As shown, the first step of the regression confirmed the correlations presented in ^{2}_{p} = .10). In contrast, the relation between perceived usefulness of mathematics and performance, holding all else constant, was negative, but the effect size was small (η^{2}_{p} = .04). A Wald test confirmed a significant difference between these estimates (^{2} were statistically significant.

For each regression, the assumption of normality of residuals was verified using cutoff values of 2 for skewness and 7 for kurtosis as suggested by

The Johnson-Neyman (J-N) technique (

According to

This study analyzed the relation between perceptions about the usefulness of mathematics and performance, moderated by self-confidence in mathematics ability. Hierarchical regressions, followed by the Johnson-Neyman technique, were conducted using data from 306 undergraduate students at a 4-year college in the Northeastern US. The relation between performance and beliefs about the usefulness of mathematics was negative for individuals with low levels of self-confidence. For individuals with high levels of self-confidence, said relation was not significant. The effect sizes found were small, and the results may have been influenced by intricacies of the sample. Therefore, these analyses should be verified through replication in future studies. In addition, future studies should consider mathematics anxiety and motivation, two prevalent affective factors that are related to performance (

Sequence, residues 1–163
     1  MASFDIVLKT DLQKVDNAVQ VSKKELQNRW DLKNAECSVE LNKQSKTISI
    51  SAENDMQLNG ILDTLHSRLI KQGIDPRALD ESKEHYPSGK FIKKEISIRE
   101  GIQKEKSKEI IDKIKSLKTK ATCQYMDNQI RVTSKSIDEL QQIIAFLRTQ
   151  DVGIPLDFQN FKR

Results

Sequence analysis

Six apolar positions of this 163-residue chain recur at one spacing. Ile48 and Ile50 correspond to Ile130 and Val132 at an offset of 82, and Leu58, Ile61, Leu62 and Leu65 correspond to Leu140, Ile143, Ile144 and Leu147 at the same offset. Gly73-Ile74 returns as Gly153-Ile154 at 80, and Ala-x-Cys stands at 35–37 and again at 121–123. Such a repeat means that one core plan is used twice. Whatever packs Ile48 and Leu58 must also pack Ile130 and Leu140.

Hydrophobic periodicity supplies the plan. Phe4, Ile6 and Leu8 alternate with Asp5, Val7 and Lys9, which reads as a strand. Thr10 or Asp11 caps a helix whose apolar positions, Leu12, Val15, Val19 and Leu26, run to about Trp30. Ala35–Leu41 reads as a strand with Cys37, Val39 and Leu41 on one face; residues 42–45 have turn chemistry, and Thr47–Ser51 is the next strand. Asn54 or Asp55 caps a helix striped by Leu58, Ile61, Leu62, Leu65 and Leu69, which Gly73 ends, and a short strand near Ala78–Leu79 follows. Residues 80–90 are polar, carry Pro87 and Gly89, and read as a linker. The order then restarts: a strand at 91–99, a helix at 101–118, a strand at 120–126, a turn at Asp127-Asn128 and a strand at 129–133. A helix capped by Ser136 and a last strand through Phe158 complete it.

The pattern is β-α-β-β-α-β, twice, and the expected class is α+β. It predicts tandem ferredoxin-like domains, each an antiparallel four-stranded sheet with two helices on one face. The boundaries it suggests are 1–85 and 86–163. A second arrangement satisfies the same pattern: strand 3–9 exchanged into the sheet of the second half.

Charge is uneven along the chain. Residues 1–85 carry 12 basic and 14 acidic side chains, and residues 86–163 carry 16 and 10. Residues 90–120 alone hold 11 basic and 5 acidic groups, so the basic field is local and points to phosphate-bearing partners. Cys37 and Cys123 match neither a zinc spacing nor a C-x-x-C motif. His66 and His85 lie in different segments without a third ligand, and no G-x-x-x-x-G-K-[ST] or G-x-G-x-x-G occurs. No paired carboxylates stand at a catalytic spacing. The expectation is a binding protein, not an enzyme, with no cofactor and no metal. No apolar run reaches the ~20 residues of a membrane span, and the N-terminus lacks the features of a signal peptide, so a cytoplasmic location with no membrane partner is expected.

The practical effect of this study however, is potentially large as it relates to the use of affective approaches to teaching mathematics. Mathematics instructors are often advised to highlight the usefulness of the material (

The author has no funding to report.

The author would like to acknowledge support from staff of the Spielman Lab at The City College of New York for their assistance with data collection.

The author has declared that no competing interests exist.

This study and all associated procedures were approved by the Institutional Review Board of the university, and written informed consent was obtained from all participants.